"We seldom get into trouble when we speak softly. It is only when we raise our voices that the sparks fly and tiny molehills become great mountains of contention."
- - Gordon B. Hinckley
February 25, 2013
Work It Out
by Melissa Howell

My five-year-old recently informed me of his current “what I want to be when I grow up” list. It went like this:

"When I grow up I want to be a superhero, a buffalo saver, an owl saver, an astronaut, a police officer, a construction worker who drives a crane, a monster truck driver, and an artist."

Impressive list. I smiled when he shared it with me, and then tried to picture that huge-blue-eyed, freckle-nosed, sweet little boy as an adult. It’s always a tall order to fill, to imagine these littles as bigs. Yet always very humbling when I peer into my magical futuristic mothering ball and am once again reminded of all the things that will or might cross our paths in the coming years. Even now, with my oldest on the horizon of turning double digits, I am learning how easy and relatively simple the early years really are. Teething, sleeping through the night and temper tantrums pale in comparison to the thought of my kids entering middle or high school, dating, driving, preparing for missions and college and, well, their own lives. Parenting is another area where the “line upon line” adage applies perfectly.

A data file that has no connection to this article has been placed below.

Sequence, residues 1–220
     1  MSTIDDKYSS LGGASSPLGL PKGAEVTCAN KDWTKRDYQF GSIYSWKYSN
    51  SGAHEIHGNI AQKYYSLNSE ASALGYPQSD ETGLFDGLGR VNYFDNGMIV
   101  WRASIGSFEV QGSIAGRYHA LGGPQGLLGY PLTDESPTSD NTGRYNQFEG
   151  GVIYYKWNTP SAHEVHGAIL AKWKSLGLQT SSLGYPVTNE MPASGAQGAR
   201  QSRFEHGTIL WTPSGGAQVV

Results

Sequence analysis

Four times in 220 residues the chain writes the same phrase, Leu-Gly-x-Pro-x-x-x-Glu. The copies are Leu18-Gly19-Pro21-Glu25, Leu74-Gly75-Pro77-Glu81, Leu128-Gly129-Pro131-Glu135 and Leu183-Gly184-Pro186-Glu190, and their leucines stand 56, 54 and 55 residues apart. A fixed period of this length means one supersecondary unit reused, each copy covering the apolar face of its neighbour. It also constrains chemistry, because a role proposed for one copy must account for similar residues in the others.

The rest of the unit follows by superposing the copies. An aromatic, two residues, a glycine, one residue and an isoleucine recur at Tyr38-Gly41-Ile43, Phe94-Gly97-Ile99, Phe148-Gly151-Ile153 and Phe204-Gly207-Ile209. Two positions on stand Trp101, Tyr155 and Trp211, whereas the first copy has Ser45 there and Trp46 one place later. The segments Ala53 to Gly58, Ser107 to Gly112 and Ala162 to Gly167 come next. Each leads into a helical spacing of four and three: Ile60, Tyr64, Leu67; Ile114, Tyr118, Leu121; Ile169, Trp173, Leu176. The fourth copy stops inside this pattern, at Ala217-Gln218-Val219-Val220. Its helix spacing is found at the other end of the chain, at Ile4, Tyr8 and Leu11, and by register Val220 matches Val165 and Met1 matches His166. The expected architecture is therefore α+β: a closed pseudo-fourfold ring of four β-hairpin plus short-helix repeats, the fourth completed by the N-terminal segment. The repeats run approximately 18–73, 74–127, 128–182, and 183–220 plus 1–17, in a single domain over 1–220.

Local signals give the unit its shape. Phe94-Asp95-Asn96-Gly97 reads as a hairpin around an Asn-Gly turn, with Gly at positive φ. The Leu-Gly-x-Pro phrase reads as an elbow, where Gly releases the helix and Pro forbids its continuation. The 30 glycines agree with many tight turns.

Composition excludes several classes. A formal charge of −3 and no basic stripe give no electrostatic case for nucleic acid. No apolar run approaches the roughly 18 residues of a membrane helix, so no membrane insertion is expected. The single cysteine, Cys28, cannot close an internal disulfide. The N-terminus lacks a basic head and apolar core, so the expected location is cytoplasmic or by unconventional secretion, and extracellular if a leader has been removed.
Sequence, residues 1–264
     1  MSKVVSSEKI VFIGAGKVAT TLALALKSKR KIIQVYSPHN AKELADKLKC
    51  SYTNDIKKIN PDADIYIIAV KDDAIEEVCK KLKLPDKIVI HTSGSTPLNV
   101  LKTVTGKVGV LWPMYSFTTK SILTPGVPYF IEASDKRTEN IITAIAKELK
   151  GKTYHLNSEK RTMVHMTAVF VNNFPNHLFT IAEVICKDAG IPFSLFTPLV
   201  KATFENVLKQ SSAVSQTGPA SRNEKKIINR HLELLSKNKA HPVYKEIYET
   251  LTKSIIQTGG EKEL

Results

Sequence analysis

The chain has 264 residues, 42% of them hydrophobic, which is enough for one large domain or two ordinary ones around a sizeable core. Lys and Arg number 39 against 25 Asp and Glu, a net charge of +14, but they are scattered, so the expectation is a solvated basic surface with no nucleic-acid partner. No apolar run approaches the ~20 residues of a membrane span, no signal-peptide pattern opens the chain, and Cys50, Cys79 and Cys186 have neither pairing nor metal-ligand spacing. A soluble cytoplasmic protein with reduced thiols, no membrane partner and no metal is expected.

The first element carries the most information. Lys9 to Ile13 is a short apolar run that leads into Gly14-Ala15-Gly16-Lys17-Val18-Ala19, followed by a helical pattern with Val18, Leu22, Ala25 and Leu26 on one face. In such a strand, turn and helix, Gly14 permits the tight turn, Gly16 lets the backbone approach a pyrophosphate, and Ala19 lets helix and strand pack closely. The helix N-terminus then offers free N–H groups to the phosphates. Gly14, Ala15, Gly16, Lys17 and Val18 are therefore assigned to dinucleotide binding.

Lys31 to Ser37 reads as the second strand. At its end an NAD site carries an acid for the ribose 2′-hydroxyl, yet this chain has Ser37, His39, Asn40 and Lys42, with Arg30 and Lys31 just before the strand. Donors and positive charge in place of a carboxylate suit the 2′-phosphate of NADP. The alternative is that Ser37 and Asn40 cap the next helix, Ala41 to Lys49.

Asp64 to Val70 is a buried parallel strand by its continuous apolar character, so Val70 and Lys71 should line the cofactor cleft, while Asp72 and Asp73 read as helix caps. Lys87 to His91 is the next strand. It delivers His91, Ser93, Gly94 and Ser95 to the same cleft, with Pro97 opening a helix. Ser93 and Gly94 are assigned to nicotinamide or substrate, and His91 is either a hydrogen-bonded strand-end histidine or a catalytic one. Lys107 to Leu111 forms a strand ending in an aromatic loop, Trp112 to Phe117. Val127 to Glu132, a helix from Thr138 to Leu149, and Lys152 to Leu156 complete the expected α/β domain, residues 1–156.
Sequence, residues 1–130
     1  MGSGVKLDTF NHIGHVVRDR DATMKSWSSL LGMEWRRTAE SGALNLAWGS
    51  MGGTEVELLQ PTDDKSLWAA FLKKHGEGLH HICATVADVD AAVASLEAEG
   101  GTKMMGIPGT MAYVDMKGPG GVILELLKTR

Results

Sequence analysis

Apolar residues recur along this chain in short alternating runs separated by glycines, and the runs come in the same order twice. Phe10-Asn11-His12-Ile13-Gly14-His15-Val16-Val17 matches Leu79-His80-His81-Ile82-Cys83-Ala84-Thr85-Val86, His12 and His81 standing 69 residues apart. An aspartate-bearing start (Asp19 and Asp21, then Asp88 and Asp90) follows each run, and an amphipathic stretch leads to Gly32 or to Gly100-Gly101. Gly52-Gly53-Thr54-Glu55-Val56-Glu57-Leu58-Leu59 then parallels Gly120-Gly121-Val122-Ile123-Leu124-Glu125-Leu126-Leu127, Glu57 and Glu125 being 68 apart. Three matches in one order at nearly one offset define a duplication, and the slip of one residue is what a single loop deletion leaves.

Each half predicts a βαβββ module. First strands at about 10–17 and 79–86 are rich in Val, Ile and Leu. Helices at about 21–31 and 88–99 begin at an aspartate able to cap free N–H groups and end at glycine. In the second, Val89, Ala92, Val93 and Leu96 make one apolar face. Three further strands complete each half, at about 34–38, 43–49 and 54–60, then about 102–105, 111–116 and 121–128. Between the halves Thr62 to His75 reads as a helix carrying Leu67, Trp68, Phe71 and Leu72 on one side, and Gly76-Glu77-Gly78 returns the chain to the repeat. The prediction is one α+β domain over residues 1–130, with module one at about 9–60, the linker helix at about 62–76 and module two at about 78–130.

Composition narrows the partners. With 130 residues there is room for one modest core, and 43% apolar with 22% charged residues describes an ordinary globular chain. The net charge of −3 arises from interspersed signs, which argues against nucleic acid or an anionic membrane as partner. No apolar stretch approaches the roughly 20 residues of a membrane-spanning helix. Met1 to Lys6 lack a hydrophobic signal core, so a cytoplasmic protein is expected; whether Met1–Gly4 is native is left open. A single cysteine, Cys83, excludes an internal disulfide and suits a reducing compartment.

In light of my job of helping them to find their futures and maximize their potential, what my kids don’t know is that while they dream of all the amazing things they think life will be like when they are grown up (I have long since given up trying to tell them that it isn’t always what’s it’s cracked up to be), I am secretly filling their young lives with knowledge and direction and ideas to help them on that path. It’s disguised as field trips, projects, books, activities, even Scouts, so as to appear fun. I’m sneaky like that.

Growing up, education beyond high school was never an “if,” but rather a “when” and “where.” Both of my parents have bachelor’s degrees; with college being an expectation, an underlying current that wasn’t forced but rather always an assumed option, I never doubted that any of my siblings or myself would obtain college degrees. And now, as the oldest of five children, I find myself the least educated; I have a bachelor’s degree, my two sisters either have a master’s in education or are working toward one, and both of my brothers have law degrees (the second to be received in a few short months).

I remember once, on the brink of high school graduation, discussing my future with my dad, and him telling me, “You can be anything you want to be. You could even be the President (of the United States)!” No thanks. But I did like knowing I had options, that I could consider my talents and desires, and then put my mind to just about anything and find some measure of success there.

As a mom now, I take very seriously my responsibility to: 1. teach my children the importance of work 2. help them find their interests, talents and hobbies, and how those might translate to successful careers and lives someday.